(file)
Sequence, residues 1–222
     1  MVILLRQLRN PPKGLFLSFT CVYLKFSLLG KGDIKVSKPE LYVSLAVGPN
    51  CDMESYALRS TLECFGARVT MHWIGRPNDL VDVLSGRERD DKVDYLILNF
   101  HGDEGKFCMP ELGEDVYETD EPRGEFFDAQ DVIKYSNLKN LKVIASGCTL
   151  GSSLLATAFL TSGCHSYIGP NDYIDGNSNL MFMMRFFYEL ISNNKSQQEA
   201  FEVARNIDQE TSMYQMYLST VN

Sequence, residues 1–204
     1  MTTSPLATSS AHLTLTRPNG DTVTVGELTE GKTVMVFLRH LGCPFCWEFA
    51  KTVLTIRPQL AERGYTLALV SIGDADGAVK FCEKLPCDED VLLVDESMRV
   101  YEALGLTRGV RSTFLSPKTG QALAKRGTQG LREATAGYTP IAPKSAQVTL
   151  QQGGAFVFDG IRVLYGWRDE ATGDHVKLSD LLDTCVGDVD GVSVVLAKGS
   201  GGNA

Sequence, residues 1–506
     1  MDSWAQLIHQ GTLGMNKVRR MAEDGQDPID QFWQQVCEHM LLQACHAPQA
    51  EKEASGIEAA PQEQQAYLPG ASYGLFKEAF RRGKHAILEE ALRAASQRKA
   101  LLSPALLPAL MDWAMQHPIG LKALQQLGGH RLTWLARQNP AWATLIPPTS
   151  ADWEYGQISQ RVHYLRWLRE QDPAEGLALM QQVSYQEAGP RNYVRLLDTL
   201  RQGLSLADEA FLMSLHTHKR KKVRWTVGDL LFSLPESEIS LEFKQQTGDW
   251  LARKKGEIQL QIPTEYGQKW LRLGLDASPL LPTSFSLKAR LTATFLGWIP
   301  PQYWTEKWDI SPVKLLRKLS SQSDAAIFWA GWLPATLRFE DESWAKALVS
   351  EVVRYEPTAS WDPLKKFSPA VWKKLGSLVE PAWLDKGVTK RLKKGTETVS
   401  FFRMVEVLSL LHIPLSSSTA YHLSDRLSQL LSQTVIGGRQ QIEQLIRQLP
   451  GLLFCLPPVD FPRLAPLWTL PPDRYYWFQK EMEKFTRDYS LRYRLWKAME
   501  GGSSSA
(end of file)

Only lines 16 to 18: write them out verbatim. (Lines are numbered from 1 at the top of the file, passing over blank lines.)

   101  LLSPALLPAL MDWAMQHPIG LKALQQLGGH RLTWLARQNP AWATLIPPTS
   151  ADWEYGQISQ RVHYLRWLRE QDPAEGLALM QQVSYQEAGP RNYVRLLDTL
   201  RQGLSLADEA FLMSLHTHKR KKVRWTVGDL LFSLPESEIS LEFKQQTGDW